Burdened with a number of obsolete and broken aircraft, the US Marine Corps (USMC) is turning to additive manufacturing technology to help restore its fleet, giving pilots a better opportunity to receive essential training. The USMC has already trialled a 3D printing scheme in one of its battalions.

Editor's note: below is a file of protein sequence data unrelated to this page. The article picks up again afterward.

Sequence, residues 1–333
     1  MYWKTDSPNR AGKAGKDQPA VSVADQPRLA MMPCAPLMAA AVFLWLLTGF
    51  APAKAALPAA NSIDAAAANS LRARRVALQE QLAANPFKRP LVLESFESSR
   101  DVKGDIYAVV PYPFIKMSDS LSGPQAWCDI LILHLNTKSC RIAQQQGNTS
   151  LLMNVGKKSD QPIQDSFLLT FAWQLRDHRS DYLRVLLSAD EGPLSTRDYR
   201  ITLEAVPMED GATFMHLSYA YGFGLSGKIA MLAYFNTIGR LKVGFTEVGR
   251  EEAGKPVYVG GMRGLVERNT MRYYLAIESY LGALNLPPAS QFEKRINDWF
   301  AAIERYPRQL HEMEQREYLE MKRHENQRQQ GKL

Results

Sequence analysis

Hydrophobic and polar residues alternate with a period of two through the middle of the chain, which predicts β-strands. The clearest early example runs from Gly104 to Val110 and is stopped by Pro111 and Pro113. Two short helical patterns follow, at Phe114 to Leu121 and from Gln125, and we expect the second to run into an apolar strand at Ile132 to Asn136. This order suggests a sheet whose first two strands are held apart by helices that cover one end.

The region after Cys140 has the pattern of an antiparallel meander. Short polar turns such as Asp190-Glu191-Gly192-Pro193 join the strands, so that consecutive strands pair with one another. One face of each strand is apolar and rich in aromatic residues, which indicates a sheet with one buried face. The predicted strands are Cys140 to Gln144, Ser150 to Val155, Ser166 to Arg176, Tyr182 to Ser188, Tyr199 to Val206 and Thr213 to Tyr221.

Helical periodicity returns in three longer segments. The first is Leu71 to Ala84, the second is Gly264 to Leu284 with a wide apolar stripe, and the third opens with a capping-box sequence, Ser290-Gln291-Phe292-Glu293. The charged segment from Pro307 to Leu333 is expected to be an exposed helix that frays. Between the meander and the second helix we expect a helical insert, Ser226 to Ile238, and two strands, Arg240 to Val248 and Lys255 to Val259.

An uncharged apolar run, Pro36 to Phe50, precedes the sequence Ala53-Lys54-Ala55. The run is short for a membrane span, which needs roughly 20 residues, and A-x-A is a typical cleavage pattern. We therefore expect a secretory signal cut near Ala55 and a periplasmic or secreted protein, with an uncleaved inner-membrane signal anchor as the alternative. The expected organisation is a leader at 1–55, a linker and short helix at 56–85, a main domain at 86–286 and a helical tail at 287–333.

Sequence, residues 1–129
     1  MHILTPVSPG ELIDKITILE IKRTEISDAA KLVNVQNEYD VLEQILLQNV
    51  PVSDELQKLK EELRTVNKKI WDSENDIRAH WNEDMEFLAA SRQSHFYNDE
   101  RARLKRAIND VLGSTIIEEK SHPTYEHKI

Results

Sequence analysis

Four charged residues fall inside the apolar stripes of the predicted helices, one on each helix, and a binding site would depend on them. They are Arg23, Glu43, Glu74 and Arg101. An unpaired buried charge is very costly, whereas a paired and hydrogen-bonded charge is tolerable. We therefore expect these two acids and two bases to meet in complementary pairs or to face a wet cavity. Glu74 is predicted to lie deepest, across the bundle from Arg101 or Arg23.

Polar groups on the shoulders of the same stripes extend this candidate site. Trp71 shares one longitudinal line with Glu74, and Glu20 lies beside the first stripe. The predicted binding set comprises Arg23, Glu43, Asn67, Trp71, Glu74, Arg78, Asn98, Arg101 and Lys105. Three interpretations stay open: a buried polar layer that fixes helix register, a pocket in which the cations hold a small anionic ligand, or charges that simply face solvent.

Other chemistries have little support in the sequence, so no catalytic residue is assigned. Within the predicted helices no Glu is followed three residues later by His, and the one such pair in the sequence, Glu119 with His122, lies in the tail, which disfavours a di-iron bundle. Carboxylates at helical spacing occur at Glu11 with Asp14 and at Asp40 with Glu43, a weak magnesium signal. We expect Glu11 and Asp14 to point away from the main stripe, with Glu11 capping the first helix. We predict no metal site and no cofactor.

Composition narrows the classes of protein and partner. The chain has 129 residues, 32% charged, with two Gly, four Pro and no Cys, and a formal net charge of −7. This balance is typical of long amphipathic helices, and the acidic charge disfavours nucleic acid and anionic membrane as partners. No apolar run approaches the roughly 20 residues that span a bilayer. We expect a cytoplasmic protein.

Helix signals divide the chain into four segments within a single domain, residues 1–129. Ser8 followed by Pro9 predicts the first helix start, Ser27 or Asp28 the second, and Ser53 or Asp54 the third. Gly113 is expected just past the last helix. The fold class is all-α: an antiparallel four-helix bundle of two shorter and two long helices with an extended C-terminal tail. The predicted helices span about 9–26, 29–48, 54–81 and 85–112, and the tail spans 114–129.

Back in April, we heard news of a military 3D printing experiment being carried out by the Marines of 1st Maintenance Battalion, Combat Logistics Regiment 15, 1st Marine Logistics Group. The battalion had been given a number of on-loan 3D printers for a six-month period in order to print its own spare parts, with the USMC curious to see how the technology could be used to solve real-world defense problems. After seeing the 3D printers in action first-hand, ground radio repairman Cpl. Samuel Stonestreet commented that it was “very important for the Marine Corps and the Department of Defense as a whole to look into [3D printing] and see how we can implement it into missions.” Now, according to a report from Cpl. Jim Truxel (US Marine Corps 1977-1981) written for SAAB USA, the Marines could soon be heeding Cpl. Stonestreet’s advice as they look to take their additive exploits to the next level.